A320 is too high off the ground .. so can’t do southwest’s super fast turns.. cargo doors are slow to open and close ... and about 6 feet off the ground .. a 737 is about 4 feet off the ground so an normal size ramoer can load a stroller or bag without use of any beltloader or stand .. just open the door put in the bag... seems like a small detail but southwest has to operate on 20 min turns ...
 
SPREE34
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Re: What if the A320 Was Avialable When Southwest Was Young?

Sat Nov 11, 2017 4:38 pm

The 727 references made in the thread are in error.

SWA did not operate 732 and 722 "in the beginning". Only the 732.

"...727s.....found them too big". The 727s operated in the 80s were gap filler leases while awaiting 733 deliveries. They needed the uplift, so leased them temporarily, much as they did the Airlingus and ex Frontier 732s.
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Re: What if the A320 Was Avialable When Southwest Was Young?

Wed Nov 15, 2017 5:08 pm

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BlueberryWheats
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Re: What if the A320 Was Avialable When Southwest Was Young?

Sat Nov 18, 2017 11:07 am

kabq737 wrote:
I see some positives for the A320 series such as cockpit commonality and ULD capabilities for quick turns.


I suppose they already have a a lot of cockpit commonality by using only 737 aircraft. I know the older models will be a bit different but there'll still be systems/design philosophy commonality and eventually they'll all out of the fleet (if not already). Isn't the 737NG and 737MAX cockpit VERY similar, if not the same?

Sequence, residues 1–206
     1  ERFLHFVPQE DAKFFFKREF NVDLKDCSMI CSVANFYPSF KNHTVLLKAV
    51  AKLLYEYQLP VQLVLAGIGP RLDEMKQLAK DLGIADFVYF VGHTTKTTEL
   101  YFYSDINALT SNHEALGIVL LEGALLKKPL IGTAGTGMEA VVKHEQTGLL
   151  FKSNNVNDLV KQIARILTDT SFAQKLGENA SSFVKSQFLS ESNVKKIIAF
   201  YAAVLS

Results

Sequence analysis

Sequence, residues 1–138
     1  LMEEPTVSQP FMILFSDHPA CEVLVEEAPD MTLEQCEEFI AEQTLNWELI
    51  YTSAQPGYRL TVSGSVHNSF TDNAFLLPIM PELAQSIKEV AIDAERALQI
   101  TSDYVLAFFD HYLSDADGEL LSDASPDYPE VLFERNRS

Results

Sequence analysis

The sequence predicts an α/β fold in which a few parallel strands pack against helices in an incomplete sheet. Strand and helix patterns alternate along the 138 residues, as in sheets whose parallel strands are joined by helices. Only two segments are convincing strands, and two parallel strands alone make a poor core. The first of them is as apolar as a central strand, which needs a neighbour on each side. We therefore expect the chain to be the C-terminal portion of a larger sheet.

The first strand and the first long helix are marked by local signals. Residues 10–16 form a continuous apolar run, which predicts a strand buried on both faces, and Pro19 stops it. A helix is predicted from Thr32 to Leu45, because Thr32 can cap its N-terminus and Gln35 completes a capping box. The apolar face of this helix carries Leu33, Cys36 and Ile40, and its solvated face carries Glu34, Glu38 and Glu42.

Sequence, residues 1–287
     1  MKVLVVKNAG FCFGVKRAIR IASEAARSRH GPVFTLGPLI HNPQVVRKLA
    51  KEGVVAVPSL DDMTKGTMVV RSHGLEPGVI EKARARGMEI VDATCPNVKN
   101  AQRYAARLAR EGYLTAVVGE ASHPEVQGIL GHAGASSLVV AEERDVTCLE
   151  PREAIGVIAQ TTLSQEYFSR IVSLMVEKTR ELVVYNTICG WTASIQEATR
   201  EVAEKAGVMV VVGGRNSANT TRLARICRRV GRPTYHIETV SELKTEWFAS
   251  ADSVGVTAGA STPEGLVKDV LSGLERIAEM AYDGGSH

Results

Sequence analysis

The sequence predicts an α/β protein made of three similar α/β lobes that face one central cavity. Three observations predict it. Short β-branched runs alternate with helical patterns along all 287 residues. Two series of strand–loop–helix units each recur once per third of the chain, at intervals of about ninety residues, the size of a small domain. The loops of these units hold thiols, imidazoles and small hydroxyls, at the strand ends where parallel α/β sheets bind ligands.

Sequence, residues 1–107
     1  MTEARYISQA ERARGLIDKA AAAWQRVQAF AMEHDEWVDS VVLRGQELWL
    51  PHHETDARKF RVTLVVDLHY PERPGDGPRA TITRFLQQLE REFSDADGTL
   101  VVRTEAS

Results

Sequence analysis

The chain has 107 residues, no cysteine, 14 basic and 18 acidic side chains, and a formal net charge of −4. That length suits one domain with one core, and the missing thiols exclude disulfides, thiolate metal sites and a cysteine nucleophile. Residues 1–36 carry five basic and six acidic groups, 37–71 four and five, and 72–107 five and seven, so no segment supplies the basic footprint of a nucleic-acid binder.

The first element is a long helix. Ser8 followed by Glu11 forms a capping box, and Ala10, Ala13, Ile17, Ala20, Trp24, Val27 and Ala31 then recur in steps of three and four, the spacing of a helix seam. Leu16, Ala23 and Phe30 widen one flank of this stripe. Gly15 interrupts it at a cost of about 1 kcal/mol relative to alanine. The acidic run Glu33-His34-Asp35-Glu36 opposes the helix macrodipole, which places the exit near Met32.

kabq737
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Re: What if the A320 Was Avialable When Southwest Was Young?

Sat Nov 18, 2017 4:07 pm

BlueberryWheats wrote:
kabq737 wrote:
I see some positives for the A320 series such as cockpit commonality and ULD capabilities for quick turns.


I suppose they already have a a lot of cockpit commonality by using only 737 aircraft. I know the older models will be a bit different but there'll still be systems/design philosophy commonality and eventually they'll all out of the fleet (if not already). Isn't the 737NG and 737MAX cockpit VERY similar, if not the same?

Oh yes they do get much commonality. I did not start this thread to criticize WN or anything like that I was more just thinking about what it would be like if they did have the A320 series.

As for the 737 NG AND MAX cockpit the overhead panned is the same, the yokes are the same, the MCP is the same, the FMC console is the same, and the throttle quadrant is the same with the exception of the fuel cutoff switches. The only major differences are in the radio stack down on the center console and the addition of much larger screens as well as relocation of the landing gear lever.

Overall it’s VERY similar to the NG.